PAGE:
Editor's note: This story was updated on July 16, 2018.
In hospitals or anywhere else, it's challenging to disagree with someone in a position of greater authority, but there are ways to ease the tension while ensuring your opinion is heard, Amy Gallo writes for Harvard Business Review.
"Our bodies specialize in survival, so we have a natural bias to avoid situations that might harm us," says Joseph Grenny, co-founder of VitalSmarts, a corporate training company.
Although overcoming those natural jitters can be difficult, there are simple ways to appropriately express disagreement with someone in a position of greater authority.
Before the conversation: Choose an appropriate setting
Set your mind at ease by being realistic about what could happen when you voice your disagreement, Gallo says. The odds are slim that this conversation will ruin your career—but the risks of not speaking up could be severe. For example, a patient might suffer from complications if a nurse notices something is amiss but fails to bring it up with the attending physician.
Unless time is of the essence, it's best to express your disagreement privately. Waiting to speak one-on-one will help the other person feel less defensive—and give you the opportunity to gather evidence to support your opinion.
During the conversation: Show you understand their perspective
Staying calm is your first priority, Gallo says. "When we feel panicky, we tend to talk louder and faster," Grenny says. "You don't want to be mousey or talk in a whisper, but simply slowing the pace and talking in an even tone helps calm the other person down and does the same for you."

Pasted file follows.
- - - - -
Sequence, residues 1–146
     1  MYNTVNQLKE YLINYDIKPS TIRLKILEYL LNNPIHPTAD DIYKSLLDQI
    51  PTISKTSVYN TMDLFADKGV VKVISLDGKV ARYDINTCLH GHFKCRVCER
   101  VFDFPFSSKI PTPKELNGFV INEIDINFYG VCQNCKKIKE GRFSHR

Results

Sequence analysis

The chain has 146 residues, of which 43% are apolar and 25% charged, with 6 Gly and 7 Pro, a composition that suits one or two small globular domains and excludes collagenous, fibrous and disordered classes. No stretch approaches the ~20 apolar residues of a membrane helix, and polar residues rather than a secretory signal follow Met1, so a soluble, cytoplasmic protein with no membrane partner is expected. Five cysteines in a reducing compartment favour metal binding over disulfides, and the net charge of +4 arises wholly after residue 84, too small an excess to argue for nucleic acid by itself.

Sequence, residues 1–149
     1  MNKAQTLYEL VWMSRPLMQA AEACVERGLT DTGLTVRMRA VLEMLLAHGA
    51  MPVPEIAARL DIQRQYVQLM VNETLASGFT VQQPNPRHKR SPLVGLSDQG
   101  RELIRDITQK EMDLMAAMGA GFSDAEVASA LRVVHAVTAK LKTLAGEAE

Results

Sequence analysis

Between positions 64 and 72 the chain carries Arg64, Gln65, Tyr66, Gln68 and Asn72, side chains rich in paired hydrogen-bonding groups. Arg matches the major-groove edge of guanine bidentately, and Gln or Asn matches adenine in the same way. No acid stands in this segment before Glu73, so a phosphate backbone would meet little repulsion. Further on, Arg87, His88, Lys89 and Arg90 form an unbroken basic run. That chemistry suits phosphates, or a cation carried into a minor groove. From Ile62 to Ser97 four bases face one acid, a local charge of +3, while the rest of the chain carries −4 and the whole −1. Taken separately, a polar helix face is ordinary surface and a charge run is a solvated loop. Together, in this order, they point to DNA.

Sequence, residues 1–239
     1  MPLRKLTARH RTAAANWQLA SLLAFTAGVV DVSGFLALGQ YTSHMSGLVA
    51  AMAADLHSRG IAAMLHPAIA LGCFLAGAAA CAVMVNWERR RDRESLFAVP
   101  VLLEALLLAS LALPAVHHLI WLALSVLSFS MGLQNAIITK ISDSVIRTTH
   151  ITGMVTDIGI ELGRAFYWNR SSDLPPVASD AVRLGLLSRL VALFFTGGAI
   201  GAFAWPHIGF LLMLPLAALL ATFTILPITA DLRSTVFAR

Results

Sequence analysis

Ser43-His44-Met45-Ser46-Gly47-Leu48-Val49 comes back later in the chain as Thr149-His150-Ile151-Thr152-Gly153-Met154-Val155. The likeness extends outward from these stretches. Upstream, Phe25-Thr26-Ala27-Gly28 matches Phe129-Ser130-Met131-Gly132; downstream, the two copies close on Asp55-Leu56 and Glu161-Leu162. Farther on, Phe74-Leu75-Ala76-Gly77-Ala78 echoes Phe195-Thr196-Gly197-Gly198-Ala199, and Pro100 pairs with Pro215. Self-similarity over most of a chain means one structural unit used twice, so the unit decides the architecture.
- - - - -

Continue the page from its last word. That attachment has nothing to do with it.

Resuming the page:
Start by explaining your understanding of the other person's point of view, Gallo recommends. By demonstrating that you understand the person's reasoning, you can prevent the conversation from devolving into a debate over what he or she really means.
Next, ask for permission to differ. It may feel excessively deferential, but by saying, "I disagree and would like to lay out my reasoning. Would that be OK?", you give the other person control of the conversation, Gallo says. Once he or she has agreed to hear your opinion, you can make your case without fear that the person doesn't want to hear it.
Focus on what you have in common—not what you don't
As members of the same team, you and the other person share a common goal: You both want a successful outcome. Connect your disagreement to that shared goal, which will show that you aren't simply being disagreeable. You're more likely to be heard if you connect your reasoning to a "higher purpose," Grenny says.
For the same reason, beware of using judgmental terms such as "hasty" or "short-sighted." Choose words that allow a neutral discussion about the merits of both opinions.
Remember that your opinion—no matter how well-thought out and researched—is only an opinion. Try to make clear that you're open discussion, such as by saying "I'm thinking out loud" or "I'm brainstorming some ideas." This helps turn the conversation into a true dialogue in which each person has input.
Finally, let the other person know you respect the chain of command. By saying, "I know this is your call," you can ensure that you've remained respectful while giving your opinion (Gallo, Harvard Business Review, 3/17).
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